But I don’t want to “argue” about any of that ever again, because it’s a super weird thing to do. Also, let it be known, in case those Twitter ladies find me, that I think Dick York was swell, and it probably wasn’t his fault about the overabundance of sclera, or that he was made to look like a useless tool in an oddly fitting suit coat.

For someone funny who agrees with me, sort of, click on the picture.  Read the comments so you don't think I'm making this all up.Two darrins


Domestic Doings, W songs, and a bit of eccentric serendipity

It all started because we were out of cat food, and also Kroger had a huge bakery surplus yesterday, heavily marked down. But I mean, I didn’t know we were out of cat food while at the store. I just got the bread, and some other things.

There was a sliced sourdough loaf and a package of brioche buns. And I got them out to ponder this morning, when the cat started meoling at me. I realized she had no food, so I pulled out leftover roast chicken from a few days ago, and managed to get some dark meat from it. The dark meat has taurine in it, which cats need. And so I decided to make stock from the remainder of the chicken, and put it in the stock pot, but as I was pulling out celery, carrots, and half an unpeeled onion from the refrigerator, it occurred to me I hadn’t cleaned in there since the beginning of the year! It was not a good situation, because that is wrong. You can’t treat a refrigerator like a clothes closet you throw things into when you’re feeling lazy or out of sorts instead of hanging them up. So I put the stock to boil and began emptying the refrigerator. Soupstock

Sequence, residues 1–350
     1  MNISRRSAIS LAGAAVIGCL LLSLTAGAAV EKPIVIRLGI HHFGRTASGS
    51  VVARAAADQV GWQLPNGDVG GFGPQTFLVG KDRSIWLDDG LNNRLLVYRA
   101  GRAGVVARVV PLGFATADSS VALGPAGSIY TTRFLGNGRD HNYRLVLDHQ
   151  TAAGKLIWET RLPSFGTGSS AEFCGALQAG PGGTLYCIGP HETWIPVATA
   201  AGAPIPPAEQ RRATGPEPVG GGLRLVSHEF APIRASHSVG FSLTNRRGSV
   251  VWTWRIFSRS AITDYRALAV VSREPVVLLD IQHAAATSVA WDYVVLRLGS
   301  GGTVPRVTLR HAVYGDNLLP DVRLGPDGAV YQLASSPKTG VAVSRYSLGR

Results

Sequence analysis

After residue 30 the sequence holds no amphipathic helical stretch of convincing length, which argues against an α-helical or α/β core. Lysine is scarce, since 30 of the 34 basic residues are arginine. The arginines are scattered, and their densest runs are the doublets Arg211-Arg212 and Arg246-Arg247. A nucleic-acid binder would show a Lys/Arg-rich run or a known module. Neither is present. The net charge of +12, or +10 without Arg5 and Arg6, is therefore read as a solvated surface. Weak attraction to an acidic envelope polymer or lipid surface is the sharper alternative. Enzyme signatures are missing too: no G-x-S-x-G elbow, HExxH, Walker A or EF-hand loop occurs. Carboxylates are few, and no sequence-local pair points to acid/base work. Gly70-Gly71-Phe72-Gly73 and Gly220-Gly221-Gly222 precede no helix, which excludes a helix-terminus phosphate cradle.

And while I was doing all this, I put the iPod in my little kitchen stereo and started with Anya Marina’s “Waters of March,” which is the best version of that song, though they are all great, because it is the best song. I was really busy cleaning, so it just kept playing through W songs and I thought, well, that’s fine. I will have W song day. Screen Shot 2017-02-13 at 10.26.53 PM